The CALL recruits, trains and supports foster families for the 8,000 children that enter foster care.
The CALL started in 2007 after a group of concerned individuals came together to look for a way to provide for children in foster care. What started in one county, quickly spread to other counties. In 2010, The CALL became a statewide organization and is now active in 57 counties around Arkansas. The goal is to serve all 75 counties in the state, so that whenever and wherever a child comes into foster care, that child will not have to be sent off to another county, but will find a welcoming foster home in their own community. The CALL just celebrated its 14th year of operation helping meet the needs of children in foster care throughout Arkansas. More than 23,000 children have been cared for by over 2,600 families recruited by The CALL. Over 1,800 children have been adopted into their forever family as a result. The CALL works closely with the Arkansas DCFS. Today, 60% of foster families statewide were recruited/trained by The CALL. Our services are provided at no cost to families.
We need "more than enough" foster homes to provide the most appropriate home to meet the needs of children who have experienced trauma. Currently, there are 4,671 children and youth in foster care in Arkansas, with only 1,560 homes available. When children enter care, over 55% cannot stay in their hometown. Many are already behind in school because of the circumstances resulting in their removal. Without enough homes in their local communities, they are forced to leave all that they know. More than enough homes would allow these children to stay in their local communities. Funds provided through this grant will provide training and support to adoptive and foster families and the recruitment of additional families. In addition, funding will be utilized to help create additional support centers throughout Arkansas. These centers strengthen our partnership with the DCS, better engage the community to serve foster families, and offer space for clothing closet and biological visitations.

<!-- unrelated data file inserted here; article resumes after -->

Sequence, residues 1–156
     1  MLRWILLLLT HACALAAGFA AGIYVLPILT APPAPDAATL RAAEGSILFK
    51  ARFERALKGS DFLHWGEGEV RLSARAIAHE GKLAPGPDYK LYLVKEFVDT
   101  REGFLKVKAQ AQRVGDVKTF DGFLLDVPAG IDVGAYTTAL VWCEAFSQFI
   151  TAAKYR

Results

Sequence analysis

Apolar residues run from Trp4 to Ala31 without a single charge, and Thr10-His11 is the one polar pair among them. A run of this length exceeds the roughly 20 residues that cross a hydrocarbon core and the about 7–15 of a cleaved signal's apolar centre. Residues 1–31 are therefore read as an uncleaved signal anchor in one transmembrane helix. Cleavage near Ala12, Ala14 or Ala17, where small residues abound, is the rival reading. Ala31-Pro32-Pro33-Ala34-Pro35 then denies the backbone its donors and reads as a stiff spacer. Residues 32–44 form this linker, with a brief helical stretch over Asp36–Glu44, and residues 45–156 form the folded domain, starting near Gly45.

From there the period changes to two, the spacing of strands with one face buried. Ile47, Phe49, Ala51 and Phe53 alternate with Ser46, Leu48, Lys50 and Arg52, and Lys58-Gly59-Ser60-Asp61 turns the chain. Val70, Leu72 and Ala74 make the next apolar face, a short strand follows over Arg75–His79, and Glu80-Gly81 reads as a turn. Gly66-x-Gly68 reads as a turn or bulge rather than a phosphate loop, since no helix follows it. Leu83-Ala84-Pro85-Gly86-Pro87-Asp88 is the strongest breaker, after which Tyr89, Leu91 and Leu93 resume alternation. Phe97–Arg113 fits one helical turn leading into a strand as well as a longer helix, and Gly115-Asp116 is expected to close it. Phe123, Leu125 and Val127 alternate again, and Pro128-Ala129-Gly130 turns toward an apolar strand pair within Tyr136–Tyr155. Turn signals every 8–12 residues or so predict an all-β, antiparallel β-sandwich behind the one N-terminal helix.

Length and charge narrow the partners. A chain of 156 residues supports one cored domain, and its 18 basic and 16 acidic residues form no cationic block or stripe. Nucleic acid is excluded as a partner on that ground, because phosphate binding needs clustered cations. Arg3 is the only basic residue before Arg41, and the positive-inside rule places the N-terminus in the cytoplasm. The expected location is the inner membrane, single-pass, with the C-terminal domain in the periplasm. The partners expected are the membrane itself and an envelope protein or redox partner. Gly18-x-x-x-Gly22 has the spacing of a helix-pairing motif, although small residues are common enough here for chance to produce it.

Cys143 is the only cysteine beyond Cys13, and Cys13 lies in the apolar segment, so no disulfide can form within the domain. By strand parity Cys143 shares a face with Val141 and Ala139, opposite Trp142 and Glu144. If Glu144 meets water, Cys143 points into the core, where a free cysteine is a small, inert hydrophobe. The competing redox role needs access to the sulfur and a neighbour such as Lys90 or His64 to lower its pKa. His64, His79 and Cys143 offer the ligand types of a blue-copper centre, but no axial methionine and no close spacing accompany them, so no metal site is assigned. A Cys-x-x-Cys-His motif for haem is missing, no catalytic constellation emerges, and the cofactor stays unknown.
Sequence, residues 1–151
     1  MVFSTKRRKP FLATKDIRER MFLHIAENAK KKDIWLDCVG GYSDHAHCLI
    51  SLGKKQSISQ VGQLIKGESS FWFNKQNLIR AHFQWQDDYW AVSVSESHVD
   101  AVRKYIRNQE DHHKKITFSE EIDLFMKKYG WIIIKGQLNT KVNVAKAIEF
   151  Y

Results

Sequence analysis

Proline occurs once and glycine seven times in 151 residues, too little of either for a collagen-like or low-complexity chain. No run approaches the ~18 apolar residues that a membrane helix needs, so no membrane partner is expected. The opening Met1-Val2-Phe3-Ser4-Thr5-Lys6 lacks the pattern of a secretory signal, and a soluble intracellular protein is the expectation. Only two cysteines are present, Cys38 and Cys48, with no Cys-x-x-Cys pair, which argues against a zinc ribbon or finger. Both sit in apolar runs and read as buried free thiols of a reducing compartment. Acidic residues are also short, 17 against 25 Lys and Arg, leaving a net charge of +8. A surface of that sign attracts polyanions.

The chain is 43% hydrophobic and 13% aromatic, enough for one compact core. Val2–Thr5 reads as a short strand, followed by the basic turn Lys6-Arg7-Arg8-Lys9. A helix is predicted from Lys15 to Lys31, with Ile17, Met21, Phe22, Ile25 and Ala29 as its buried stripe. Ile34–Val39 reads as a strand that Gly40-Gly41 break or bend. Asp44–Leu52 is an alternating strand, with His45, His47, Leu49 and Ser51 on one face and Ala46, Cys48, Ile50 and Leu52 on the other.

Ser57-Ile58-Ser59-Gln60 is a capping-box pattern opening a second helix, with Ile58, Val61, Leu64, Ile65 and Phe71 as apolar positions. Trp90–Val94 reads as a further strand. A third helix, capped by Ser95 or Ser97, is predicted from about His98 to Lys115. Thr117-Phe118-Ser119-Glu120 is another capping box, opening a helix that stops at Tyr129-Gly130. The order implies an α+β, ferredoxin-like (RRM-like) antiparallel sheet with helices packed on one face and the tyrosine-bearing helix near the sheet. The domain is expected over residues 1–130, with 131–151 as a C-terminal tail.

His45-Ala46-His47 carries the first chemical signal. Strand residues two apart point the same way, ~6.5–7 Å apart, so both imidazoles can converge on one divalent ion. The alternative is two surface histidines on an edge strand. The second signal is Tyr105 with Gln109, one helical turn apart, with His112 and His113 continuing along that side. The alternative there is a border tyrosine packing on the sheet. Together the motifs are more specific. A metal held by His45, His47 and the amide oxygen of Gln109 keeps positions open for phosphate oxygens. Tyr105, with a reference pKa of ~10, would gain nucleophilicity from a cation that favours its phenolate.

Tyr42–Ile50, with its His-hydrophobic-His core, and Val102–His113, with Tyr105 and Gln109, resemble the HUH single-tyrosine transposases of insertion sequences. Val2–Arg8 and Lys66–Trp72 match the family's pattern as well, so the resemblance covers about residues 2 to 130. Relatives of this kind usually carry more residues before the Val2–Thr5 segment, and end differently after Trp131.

The most critical factor in whether or not a child can return home to their family after entering foster care is weekly visitation. When biological parents can spend quality time with their children in a welcoming environment where they can attach and connect, they are given the strength and focus to complete the necessary steps to have their children return home. When children are placed outside of their home county, as over 55% of children are, traveling to and from visitation is a barrier. Especially when children are placed several hours away, the children and their parents have to travel several hours every week to make visits—missing time at school and work. Having more than enough local families will decrease the number of children placed outside of county and remove these barriers to visitation. Access to Support Centers for parent-child visits around Arkansas also makes visits more accessible. It provides the warm, home-like environment most conducive to quality visits.